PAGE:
I always sit two rows back so I can watch her without really seeing her and her never seeing me. She sits with a leg up and her hand hanging off a bended knee. Her fingers dance to music I cannot hear, but it’s probably a piano piece. It must be a piano piece. Only the ivories can make fingers dance with such beauty.
Her skin is china-white, and there is a tattoo of Ouroboros on her wrist, the snake coiled in a circle consuming itself. All is connected. Nature is infinite. It’s clean and well-done, but it makes the yin yang ring on her middle finger seem redundant. I come close to being annoyed by this trivial detail, but then another song is sent through her earphones and her fingers start dancing again. All is forgiven.
Sometimes her raven hair is striped purple or blue or dark green or pink. It’s as if she’s wearing a mood ring. I try to make sense of what the colors mean, but it’s likely they don’t mean much of anything. They’re always accompanied with the same style of torn jeans and Converse shoes and wristbands made with various threads and colors lacking rhyme or reason.
I notice she looks ahead at the coming tracks and I always look off to the side at the scenery passing by. I don’t know why. I wonder if it’s symbolic. I wonder if she’s more in tune with herself than me. Maybe I should start listening to the piano. Maybe I should get a tattoo.
She’s new to the area. We’ve been sharing the same stop for a few weeks, and I’ve only seen her standing alone in the morning, and she’s never with anyone when she’s going home, or so I assume. Our paths split immediately; hers is east and mine west.
She smiled at me once, a few days after seeing me at the station. I was too nervous though. I flashed a smile and a quick wave, but that was it. It was then we both understood I had respectfully declined the unspoken attempt at friendship.
Unfortunate. Silence has become the end result between us.
The train jitters over a poor section of track and banks left. We’re nearing our stop now. It’s another chance to introduce myself, to say hello, to reconcile my mild rudeness from the first time she tried to break the ice. It’s another chance to berate myself after failing.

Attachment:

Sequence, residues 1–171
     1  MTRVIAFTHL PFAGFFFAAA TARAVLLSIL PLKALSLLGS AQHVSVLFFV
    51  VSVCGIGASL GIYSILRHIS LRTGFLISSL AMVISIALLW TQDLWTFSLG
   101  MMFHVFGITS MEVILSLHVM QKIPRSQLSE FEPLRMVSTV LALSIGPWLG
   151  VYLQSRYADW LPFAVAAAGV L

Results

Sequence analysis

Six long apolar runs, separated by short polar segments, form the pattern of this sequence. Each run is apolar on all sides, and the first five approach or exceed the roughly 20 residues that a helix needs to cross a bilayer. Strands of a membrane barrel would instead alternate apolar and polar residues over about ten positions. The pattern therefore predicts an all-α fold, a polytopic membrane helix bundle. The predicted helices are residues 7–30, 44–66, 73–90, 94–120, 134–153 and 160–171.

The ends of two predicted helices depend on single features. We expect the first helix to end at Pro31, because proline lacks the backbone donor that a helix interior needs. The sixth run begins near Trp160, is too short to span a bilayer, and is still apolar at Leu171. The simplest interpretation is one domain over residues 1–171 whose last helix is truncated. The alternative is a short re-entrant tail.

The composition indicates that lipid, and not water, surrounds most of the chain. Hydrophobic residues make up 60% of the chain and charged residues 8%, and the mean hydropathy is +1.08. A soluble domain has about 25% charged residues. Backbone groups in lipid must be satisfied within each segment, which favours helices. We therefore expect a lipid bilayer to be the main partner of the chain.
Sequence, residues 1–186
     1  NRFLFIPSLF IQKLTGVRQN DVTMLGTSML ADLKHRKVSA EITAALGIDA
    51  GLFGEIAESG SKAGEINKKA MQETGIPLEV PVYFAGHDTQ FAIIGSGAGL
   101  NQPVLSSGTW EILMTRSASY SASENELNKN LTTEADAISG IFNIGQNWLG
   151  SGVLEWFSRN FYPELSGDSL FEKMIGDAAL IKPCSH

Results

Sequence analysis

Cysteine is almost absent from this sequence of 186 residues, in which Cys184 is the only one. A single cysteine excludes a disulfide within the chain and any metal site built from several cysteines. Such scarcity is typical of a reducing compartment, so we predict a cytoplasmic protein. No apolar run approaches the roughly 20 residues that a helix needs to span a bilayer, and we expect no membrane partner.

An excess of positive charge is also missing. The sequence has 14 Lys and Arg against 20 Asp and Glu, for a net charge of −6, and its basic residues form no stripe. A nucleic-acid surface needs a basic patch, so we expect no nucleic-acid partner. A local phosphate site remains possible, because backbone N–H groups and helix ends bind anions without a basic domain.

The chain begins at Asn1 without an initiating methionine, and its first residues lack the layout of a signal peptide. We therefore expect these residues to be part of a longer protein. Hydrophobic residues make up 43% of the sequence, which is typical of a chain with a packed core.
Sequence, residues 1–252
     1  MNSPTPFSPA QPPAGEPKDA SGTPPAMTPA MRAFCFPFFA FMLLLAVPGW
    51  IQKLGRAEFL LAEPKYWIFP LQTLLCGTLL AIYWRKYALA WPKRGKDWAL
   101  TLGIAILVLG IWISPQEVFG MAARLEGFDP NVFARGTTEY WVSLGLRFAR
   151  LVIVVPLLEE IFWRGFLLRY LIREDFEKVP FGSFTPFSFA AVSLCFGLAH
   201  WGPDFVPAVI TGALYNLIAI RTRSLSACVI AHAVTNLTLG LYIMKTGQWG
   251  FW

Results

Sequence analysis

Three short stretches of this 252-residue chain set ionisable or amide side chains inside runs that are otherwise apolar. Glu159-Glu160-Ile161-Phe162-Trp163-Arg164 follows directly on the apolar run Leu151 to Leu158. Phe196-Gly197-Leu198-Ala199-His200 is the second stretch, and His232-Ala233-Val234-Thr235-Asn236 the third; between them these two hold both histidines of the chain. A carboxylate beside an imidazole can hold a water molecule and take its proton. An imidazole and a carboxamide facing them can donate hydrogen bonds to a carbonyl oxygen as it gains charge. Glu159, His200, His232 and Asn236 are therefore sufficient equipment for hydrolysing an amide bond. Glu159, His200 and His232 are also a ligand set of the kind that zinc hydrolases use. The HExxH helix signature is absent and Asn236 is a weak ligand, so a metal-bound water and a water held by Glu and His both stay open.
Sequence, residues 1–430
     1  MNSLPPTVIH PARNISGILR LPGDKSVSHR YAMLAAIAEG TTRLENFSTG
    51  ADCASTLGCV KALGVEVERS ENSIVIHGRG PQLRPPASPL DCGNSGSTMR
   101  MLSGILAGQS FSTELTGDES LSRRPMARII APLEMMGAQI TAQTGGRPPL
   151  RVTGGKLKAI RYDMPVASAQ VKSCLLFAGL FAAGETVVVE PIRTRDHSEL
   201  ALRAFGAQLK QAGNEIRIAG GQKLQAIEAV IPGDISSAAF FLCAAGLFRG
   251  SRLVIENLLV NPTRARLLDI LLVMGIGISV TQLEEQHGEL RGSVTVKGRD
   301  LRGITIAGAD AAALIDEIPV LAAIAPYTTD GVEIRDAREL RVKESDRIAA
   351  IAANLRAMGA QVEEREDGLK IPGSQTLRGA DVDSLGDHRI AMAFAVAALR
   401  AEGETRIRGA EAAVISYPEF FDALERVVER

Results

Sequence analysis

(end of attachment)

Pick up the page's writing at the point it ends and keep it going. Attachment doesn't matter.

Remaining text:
It seems shyness is the event horizon for eternal silence between two unmet friends. The black hole, obviously, is loneliness.
The train stops. We get off. She huddles under the collar of her jacket as cold wind sneaks in through the gaps. I’m ten steps behind and almost to that point where I pretend to tie my shoe or throw something in the trash or get something out of my bag so that I don’t feel like a stalker pacing her until we reach the street.
But she stops. She’s fishing something out of her pocket now. It’s a gum wrapper. She drops it in the bin and glances at me again. The surprise catches me off guard and emboldens me. Through some miracle, I speak.
She shoves her hands into her coat pockets and her forces her chin down. The wind snaps her black hair around. The front is vivid purple stripe. “Hi.”
And there we are. I look at her and she looks at me and the train presses on to the next station without us. We’re alone with the cold, whispering wind as chaperone. My mind moves like the train and leaves without me.
“I love your hand.”
Her eyes squint, and I notice they’re an amazing blue, like the frozen lake not far from the station. “What?”
Though the cold bites at my face, my cheeks flush and fill with heat. “I mean your tattoo. The snake.”
“Oh,” she says. “Thanks.”
“And your fingers,” I practically blurt out.
She’s hesitant. “You like my fingers?”
I palm my forehead like a drunk driver failing an interview with the police. “Yeah. That’s weird, but that’s not what I meant.” I sigh and regroup and see that she’s still standing there. Despite the cold and the awkwardness, she’s still with me. “What I mean to say is, I love how your fingers dance when you’re listening to music. On the train.”
The words slowly soak into her mind, and she stares at me for a moment. More cold rushes by. A slow smile crawls across her lips. I know it’s sincere because she also smiles in her eyes.
“I’m Claire,” she says with a shallow bow of her head.
“I’m freezing,” I say in return.
She laughs then. She laughs and it’s beautiful and suddenly I realize I’m not freezing. A warmth is blooming inside of me.
“Can I walk with you, Claire?” I ask.
“Sure,” she says, already turning and hurrying along. The cold has not paused for our brief interaction. I follow along quickly. While we walk and we talk I notice that she still looks forward and I still glance at her to my side, but this time that which I see isn’t passing by. That’s new for me. I notice she glances to the side at me from time to time. When I catch her, she smiles. Perhaps not always looking forward is something new to her. Perhaps she’s not had a reason to look to her side.
Perhaps it’s a victory shared between us. Maybe the black hole of loneliness is the grip from which we’ve both broken free.